Hannah Ebelthite and husband Wesley Doyle recently ran the TCS New York Marathon together – here’s what they learned…
Check the weather
This will inform what kit you pack to run in, and to keep warm before and after. For New York in November I packed a sleeveless vest, capris and sunglasses to run in, but took thermal over layers, a hat, gloves and neck buff for the start. And I needed them all.
Have your name printed on your T-shirt
Spectators will read it and shout out encouragement all the way round and it really makes you feel at home. I had my name on my shirt but Wesley didn’t and I think was somewhat envious – and by the end somewhat annoyed – by all the strangers yelling ‘You got this, Hannah!’ (the standard New York cheer) while seemingly ignoring him.
Pack your kit, plus extras
Before you leave the UK, lay out your kit – put it on if it helps – and check and double check you’ve got it all. Most important: trainers and sports bra. Everything else you could probably buy at your destination if needed (given time) but these essentials need to be what you’re used to. I like to be prepared for every eventuality and take two sports bras (clasps have been known to break!), two pairs of running socks (easy to mislay) and a spare pair of shoe laces. Oh and spare safety pins for your bib number.
Take your nutrition and medication with you
Even if you can get the same hydration tablets, energy gels, breakfast cereal and anti-inflammatory painkillers in the country you’re going to, you don’t want to be running round trying to find them. Take everything you need with you. Research restaurants for the night before.
Stay off your feet the day before
Running and tourism are fantastic partners – this was my first time in New York and running round the five boroughs was the perfect initiation. We stayed on for three days afterwards to do more sightseeing. But, apart from going to the race expo to pick up our bib numbers, we didn’t do much else the day before. Tempting as it is, resist walking round the sights. Take a tour on an open-top bus or boat, relax at a street café – just rest those legs.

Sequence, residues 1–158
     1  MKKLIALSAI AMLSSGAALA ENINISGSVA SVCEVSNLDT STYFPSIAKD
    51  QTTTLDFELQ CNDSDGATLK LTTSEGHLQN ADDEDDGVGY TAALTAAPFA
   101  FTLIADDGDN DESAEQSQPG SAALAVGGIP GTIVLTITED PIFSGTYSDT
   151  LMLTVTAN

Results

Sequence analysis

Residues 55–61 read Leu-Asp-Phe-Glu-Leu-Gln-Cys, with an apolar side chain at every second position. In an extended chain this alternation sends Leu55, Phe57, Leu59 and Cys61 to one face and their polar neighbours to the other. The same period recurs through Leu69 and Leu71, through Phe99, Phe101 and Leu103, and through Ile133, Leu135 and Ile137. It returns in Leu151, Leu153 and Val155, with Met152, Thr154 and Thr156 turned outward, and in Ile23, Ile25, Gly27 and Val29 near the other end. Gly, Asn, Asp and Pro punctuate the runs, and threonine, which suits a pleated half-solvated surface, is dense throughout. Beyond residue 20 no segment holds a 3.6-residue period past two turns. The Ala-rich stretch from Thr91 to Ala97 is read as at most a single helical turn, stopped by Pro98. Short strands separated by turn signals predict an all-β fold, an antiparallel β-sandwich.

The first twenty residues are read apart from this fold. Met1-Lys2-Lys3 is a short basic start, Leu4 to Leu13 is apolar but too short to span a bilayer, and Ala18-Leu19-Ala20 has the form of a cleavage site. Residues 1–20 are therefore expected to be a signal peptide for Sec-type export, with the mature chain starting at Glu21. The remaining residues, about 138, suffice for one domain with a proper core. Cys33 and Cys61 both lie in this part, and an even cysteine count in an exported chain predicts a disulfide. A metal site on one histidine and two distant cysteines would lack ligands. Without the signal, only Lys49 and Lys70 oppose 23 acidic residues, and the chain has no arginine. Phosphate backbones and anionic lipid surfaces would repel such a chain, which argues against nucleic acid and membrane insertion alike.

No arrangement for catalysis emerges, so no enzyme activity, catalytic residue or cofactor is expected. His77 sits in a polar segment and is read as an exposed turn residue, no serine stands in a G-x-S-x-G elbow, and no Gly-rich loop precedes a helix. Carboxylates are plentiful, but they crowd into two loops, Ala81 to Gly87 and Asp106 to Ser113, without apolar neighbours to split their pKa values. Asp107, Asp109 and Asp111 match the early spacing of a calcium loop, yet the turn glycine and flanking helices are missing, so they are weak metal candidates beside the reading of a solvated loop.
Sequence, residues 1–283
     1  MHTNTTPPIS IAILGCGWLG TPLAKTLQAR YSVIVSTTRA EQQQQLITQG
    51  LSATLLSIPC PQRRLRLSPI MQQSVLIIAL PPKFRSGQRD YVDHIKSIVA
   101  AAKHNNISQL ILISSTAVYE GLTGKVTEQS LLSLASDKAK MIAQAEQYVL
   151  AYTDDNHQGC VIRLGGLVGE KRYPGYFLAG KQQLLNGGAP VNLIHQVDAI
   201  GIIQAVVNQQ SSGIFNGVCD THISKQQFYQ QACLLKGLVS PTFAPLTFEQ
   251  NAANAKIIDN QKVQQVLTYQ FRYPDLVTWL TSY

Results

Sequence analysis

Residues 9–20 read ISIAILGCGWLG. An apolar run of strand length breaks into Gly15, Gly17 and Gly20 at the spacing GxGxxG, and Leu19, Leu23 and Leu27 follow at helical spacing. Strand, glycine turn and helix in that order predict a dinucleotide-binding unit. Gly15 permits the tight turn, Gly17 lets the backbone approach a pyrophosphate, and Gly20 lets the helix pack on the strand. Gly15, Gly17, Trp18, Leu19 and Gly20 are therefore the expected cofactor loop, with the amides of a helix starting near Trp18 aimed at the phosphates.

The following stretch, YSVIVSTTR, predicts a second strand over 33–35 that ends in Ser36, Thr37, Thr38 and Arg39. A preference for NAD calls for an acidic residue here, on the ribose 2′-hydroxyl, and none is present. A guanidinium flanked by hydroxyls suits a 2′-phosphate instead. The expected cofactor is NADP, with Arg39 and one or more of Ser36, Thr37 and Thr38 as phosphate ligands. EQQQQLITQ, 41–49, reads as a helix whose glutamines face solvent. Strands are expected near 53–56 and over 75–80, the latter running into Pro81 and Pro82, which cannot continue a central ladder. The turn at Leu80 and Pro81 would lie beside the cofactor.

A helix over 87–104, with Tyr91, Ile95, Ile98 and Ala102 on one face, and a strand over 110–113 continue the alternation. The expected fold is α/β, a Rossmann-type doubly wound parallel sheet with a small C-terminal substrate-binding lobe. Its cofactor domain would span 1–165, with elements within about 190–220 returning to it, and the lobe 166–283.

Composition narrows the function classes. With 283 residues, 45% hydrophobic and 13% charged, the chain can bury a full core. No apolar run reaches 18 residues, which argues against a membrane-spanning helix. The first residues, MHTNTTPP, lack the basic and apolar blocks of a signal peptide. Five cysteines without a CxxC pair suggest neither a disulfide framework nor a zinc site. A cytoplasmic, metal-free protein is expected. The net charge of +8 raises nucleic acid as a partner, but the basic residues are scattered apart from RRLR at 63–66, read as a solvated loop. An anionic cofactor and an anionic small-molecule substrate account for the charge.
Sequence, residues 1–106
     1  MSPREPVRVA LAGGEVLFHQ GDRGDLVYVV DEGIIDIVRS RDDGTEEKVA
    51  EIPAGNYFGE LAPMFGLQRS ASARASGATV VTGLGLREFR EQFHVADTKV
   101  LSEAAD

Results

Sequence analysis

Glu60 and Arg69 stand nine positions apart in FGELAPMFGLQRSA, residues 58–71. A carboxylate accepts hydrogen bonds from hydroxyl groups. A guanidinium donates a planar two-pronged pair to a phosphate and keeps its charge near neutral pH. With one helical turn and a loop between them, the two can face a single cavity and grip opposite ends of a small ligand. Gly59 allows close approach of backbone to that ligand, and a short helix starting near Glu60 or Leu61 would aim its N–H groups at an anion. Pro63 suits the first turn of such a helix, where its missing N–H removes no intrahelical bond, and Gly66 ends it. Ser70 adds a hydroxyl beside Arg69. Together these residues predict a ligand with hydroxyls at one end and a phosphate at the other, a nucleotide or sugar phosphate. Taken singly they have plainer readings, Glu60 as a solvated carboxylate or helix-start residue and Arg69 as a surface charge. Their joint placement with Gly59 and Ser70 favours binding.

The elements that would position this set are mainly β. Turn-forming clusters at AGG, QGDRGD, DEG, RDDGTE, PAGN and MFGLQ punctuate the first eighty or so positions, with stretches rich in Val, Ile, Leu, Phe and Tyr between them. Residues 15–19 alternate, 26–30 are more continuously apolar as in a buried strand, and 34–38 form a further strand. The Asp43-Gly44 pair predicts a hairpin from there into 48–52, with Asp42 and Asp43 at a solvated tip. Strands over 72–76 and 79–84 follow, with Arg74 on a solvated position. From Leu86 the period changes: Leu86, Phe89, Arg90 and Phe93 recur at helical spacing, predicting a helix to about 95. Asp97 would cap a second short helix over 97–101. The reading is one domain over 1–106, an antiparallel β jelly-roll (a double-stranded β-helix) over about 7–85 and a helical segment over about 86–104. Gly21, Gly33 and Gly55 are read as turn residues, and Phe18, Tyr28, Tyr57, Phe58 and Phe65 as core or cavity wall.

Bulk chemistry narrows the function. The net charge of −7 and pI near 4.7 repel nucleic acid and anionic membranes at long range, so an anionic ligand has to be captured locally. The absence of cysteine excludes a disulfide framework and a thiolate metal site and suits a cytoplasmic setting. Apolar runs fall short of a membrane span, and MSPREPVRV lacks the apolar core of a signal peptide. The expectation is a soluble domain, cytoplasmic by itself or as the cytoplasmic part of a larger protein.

Sort your travel to and from the race
Don’t wait till the night before the race to figure out how you’ll get there from your accommodation. Roads may be closed, trains or buses may not be running, cabs may not be able to get through. Do your research. The same goes for after the race when you’ll want a shower and rest ASAP but could find yourself wandering the streets if you don’t have a plan.
Have a race plan
It pays to know the route so, should you need to pull out early, you know how you’ll get home. Running in the UK I tend to run light, with just a few energy gels. For New York I made sure I carried my phone, credit card and a few dollars. If you’re running with someone, have a plan for if you get separated (my husband and I agreed we’d meet at the next mile marker on the left of the road – we did and it worked). If you’re running alone, have a plan for meeting fellow runners or spectators afterwards.
Learn a little local lingo – and enjoy!
It helps if you have an idea of what spectators are shouting at you. When running a marathon in Spain I had no idea what ‘Animo, animo’ meant, but I hoped for the best and smiled ‘Gracias’. Even if you’re gunning for a PB, try to soak up the views and the atmosphere and make the most of this super-efficient way to sightsee.